Think Local  

SilverStar Mountain Resort is a skiing standout

SilverStar: The soul of skiing

By Tim Neville


• verb

Stumbling into something amazing that you never imagined existed. An experience everyone has the first time they ski SilverStar.

Back when I was discovering that I wanted mountains always to be in my life, some friends and I decided to go play in some big ones by driving a pickup from New Mexico to Alaska. It was already late when we set out, winter was curling the days at the edges, and the truck had just two seats for the three of us, so someone had to ride for thousands of miles wrapped in a sleeping bag in the bed in the back. We were dirtbags, and we never got close to our goal. We discovered the mountains of British Columbia, instead, and that changed everything.

Fast forward a decade or so and that excitement for the north has only grown. I have skiing to thank for that, and for years, winter never felt complete without lumbering over the border with boards to explore someplace new. Canada’s coolest province counts 10 mountain ranges and 13 ski resorts between its ample borders, and so the options for a good ski holiday are endless. Yet even among such company, a place called SilverStar stands out.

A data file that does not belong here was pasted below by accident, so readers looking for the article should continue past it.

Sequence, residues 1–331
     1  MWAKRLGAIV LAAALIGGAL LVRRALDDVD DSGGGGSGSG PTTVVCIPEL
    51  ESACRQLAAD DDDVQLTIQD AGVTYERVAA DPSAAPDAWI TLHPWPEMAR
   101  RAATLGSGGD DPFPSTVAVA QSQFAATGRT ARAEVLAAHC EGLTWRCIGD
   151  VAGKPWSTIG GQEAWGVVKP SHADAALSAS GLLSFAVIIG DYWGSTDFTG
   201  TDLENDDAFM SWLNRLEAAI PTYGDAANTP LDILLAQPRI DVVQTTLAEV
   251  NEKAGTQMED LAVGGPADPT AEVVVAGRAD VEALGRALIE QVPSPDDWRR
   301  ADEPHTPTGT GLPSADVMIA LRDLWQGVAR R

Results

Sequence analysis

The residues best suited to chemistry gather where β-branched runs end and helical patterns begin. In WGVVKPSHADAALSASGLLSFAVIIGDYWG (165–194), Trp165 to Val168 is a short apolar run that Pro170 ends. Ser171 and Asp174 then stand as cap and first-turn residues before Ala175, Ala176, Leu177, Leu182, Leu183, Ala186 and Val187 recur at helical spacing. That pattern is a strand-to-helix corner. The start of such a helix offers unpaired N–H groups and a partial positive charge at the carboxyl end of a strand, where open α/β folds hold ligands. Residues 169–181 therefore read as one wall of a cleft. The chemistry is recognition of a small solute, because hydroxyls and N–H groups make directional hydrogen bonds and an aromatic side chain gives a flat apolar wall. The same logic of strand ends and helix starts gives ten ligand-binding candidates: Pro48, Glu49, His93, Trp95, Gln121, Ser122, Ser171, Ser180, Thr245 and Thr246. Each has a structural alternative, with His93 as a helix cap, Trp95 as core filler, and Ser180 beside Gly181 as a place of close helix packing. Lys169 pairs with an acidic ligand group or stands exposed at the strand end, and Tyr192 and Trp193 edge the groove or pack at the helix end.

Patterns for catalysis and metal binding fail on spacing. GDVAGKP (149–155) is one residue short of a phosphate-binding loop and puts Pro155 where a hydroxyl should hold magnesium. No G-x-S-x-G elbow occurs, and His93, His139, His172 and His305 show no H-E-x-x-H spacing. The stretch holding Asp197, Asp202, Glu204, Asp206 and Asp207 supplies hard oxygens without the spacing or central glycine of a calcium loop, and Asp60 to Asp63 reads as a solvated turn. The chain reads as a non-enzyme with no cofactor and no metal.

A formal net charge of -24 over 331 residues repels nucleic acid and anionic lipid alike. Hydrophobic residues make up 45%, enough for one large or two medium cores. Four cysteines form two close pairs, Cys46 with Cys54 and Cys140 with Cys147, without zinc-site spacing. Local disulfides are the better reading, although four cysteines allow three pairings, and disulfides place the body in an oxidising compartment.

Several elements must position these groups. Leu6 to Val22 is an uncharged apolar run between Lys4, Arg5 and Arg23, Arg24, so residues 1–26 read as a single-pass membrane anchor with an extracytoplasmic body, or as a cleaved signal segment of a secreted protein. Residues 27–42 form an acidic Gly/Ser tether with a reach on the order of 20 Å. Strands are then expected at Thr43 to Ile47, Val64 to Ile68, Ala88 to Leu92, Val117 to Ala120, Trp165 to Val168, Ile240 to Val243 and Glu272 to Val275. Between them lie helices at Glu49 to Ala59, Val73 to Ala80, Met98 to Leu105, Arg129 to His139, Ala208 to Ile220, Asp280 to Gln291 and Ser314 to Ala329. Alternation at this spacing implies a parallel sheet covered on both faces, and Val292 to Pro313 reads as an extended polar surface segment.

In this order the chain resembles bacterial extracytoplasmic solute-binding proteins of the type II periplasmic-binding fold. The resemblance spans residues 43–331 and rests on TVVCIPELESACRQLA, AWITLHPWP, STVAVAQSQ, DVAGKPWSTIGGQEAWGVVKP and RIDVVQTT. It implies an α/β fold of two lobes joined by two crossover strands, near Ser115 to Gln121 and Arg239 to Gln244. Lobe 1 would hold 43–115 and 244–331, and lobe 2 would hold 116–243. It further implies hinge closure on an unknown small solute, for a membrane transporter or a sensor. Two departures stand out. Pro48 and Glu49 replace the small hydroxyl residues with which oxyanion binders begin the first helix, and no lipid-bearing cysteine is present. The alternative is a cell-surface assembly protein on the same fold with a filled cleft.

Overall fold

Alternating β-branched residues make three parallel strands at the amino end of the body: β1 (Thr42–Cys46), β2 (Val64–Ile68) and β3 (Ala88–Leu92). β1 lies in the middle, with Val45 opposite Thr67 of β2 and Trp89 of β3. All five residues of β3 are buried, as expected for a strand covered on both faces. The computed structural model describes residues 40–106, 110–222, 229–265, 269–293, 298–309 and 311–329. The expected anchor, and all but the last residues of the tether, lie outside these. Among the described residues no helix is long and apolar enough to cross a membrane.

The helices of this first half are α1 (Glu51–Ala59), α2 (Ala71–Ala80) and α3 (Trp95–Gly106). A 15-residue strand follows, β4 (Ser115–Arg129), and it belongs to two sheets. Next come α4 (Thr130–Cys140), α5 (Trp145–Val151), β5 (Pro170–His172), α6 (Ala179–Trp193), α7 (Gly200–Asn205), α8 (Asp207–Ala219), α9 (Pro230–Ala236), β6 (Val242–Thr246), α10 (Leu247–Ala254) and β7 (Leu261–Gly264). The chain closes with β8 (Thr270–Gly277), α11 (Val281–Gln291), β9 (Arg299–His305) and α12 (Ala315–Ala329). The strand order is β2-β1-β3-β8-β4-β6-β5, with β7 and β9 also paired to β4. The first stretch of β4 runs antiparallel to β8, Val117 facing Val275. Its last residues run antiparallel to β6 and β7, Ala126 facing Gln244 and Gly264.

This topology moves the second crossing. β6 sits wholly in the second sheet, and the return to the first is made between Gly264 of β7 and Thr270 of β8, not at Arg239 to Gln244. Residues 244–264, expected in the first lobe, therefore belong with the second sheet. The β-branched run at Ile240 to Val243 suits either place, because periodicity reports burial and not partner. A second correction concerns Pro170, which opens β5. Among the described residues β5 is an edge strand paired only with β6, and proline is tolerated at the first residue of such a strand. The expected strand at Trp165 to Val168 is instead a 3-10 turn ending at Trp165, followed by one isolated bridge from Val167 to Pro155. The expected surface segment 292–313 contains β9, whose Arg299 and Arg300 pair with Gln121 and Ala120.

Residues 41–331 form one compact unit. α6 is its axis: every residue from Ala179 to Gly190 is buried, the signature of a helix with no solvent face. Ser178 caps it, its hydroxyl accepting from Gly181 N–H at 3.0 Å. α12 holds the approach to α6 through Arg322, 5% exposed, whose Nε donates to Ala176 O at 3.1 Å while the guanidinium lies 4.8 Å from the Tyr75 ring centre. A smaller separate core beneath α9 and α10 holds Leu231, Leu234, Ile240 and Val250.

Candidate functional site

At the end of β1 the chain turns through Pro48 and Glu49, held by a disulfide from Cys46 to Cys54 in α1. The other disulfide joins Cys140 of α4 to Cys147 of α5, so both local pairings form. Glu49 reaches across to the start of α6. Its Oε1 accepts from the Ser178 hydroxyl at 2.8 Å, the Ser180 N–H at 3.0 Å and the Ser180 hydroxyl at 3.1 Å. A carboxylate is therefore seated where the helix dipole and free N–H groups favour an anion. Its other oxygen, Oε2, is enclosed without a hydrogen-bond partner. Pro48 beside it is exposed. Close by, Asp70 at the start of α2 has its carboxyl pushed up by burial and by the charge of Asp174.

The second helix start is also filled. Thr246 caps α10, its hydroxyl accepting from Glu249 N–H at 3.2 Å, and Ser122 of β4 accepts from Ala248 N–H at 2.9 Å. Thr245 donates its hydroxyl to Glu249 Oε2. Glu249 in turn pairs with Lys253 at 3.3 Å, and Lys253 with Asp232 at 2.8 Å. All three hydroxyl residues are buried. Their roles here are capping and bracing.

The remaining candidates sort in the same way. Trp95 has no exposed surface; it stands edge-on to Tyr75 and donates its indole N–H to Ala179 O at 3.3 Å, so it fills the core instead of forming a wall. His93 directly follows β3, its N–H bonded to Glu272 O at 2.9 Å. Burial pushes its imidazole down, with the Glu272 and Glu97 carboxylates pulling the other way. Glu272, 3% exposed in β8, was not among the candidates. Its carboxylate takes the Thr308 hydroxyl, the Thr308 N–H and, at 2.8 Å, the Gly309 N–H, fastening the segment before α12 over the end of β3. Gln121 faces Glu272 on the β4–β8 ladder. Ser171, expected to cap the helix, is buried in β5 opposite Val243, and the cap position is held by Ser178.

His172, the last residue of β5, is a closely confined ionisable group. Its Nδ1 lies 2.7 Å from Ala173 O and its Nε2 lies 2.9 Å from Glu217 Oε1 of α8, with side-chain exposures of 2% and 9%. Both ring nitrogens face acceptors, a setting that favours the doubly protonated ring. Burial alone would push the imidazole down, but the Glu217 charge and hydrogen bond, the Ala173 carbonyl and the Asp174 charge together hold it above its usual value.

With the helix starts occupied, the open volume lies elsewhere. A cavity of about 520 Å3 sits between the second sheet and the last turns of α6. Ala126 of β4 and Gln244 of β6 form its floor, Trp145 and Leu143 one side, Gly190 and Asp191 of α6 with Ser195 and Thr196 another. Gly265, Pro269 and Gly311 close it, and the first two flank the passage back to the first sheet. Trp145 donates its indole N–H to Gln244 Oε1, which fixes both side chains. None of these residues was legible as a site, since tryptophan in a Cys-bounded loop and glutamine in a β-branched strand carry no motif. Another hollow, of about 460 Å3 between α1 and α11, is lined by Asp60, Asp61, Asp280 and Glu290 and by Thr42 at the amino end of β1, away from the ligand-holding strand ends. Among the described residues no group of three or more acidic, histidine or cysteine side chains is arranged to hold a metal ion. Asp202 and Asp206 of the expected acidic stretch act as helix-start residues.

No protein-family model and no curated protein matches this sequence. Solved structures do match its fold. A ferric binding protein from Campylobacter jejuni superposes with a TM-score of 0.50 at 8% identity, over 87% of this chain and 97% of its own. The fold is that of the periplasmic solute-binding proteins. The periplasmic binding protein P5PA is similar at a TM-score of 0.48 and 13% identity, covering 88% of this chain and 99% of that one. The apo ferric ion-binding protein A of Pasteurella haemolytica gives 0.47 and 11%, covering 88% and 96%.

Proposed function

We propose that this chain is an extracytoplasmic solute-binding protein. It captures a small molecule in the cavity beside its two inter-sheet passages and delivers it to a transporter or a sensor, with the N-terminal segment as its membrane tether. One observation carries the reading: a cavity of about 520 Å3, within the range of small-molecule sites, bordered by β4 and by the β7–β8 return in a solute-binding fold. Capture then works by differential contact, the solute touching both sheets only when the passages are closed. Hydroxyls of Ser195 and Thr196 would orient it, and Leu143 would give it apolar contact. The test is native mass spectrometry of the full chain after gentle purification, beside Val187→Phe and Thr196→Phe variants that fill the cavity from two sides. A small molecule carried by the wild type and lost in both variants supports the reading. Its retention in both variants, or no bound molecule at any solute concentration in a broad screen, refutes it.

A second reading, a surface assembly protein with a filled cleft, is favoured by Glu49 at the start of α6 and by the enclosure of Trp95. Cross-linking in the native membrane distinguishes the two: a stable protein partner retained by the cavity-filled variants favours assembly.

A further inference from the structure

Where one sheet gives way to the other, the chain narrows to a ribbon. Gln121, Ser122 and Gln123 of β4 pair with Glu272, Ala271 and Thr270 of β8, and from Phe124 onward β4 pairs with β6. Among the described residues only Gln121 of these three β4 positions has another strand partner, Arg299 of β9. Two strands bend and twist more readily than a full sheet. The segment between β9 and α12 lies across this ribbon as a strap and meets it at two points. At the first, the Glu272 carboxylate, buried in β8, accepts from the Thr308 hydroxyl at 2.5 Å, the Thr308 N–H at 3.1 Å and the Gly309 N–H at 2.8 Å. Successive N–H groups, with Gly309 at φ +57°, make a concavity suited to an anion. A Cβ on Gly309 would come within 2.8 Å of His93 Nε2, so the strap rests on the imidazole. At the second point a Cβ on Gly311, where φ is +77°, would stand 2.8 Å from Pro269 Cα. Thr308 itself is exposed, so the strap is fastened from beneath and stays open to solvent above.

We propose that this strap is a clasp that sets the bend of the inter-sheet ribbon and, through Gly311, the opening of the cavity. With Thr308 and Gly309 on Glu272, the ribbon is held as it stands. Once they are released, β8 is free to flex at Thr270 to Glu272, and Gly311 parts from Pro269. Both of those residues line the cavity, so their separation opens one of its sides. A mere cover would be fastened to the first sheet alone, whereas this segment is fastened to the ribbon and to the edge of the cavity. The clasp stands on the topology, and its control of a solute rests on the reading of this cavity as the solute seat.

I hadn’t heard of SilverStar until one night at a party in Seattle, where the resort found its way to me almost as a whisper, except the DJ was super loud so it was more like a shout. “Trust me,” my friend John yelled over “Born this Way,” an IPA warming in his hand. “You’ll love it.”

SilverStar sits in the 10,000-foot Monashee range north of Kelowna, a city of about 130,000 people who live out their days next to vineyards, parks, and lakes that dot Canada’s pleasing Okanagan Valley. If Whistler is the Great White North’s Gstaad, SilverStar is something less famous but more awesome, maybe its Lenk or Adelboden, a sprawling network of ski slopes, cross-country ski trails, fat-bike paths, and snowshoeing routes that race across a roaring landscape full of discovery without the crowds. Make no mistake: These mountains are made for skiers. Storms take no prisoners with 23 feet of light, dry snow dumped across almost 3,300 skiable acres. You can cook your quads on 2,500-vertical-foot runs or take it mellow on a 5-mile cruiser. There’s a front side and a backside, which has enough double-blacks that folks call it hairy.